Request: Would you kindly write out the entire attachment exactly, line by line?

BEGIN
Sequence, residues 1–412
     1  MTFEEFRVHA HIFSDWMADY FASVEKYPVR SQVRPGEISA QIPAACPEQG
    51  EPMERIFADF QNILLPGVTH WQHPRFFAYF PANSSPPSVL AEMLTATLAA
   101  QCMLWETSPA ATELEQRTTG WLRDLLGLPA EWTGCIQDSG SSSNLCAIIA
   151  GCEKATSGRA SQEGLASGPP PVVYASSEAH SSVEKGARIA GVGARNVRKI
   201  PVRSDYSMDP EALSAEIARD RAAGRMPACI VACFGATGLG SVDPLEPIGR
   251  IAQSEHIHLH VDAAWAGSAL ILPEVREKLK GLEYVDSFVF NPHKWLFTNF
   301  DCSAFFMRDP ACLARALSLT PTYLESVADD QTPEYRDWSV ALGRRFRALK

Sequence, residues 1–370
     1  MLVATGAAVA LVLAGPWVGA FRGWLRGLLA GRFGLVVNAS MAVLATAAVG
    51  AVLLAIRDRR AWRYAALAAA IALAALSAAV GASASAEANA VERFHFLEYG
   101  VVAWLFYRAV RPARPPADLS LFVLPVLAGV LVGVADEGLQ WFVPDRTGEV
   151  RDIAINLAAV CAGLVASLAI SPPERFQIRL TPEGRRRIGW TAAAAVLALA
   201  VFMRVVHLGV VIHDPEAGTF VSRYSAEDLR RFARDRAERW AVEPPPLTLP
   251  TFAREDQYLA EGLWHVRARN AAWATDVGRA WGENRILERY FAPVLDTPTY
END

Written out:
Sequence, residues 1–412
     1  MTFEEFRVHA HIFSDWMADY FASVEKYPVR SQVRPGEISA QIPAACPEQG
    51  EPMERIFADF QNILLPGVTH WQHPRFFAYF PANSSPPSVL AEMLTATLAA
   101  QCMLWETSPA ATELEQRTTG WLRDLLGLPA EWTGCIQDSG SSSNLCAIIA
   151  GCEKATSGRA SQEGLASGPP PVVYASSEAH SSVEKGARIA GVGARNVRKI
   201  PVRSDYSMDP EALSAEIARD RAAGRMPACI VACFGATGLG SVDPLEPIGR
   251  IAQSEHIHLH VDAAWAGSAL ILPEVREKLK GLEYVDSFVF NPHKWLFTNF
   301  DCSAFFMRDP ACLARALSLT PTYLESVADD QTPEYRDWSV ALGRRFRALK

Sequence, residues 1–370
     1  MLVATGAAVA LVLAGPWVGA FRGWLRGLLA GRFGLVVNAS MAVLATAAVG
    51  AVLLAIRDRR AWRYAALAAA IALAALSAAV GASASAEANA VERFHFLEYG
   101  VVAWLFYRAV RPARPPADLS LFVLPVLAGV LVGVADEGLQ WFVPDRTGEV
   151  RDIAINLAAV CAGLVASLAI SPPERFQIRL TPEGRRRIGW TAAAAVLALA
   201  VFMRVVHLGV VIHDPEAGTF VSRYSAEDLR RFARDRAERW AVEPPPLTLP
   251  TFAREDQYLA EGLWHVRARN AAWATDVGRA WGENRILERY FAPVLDTPTY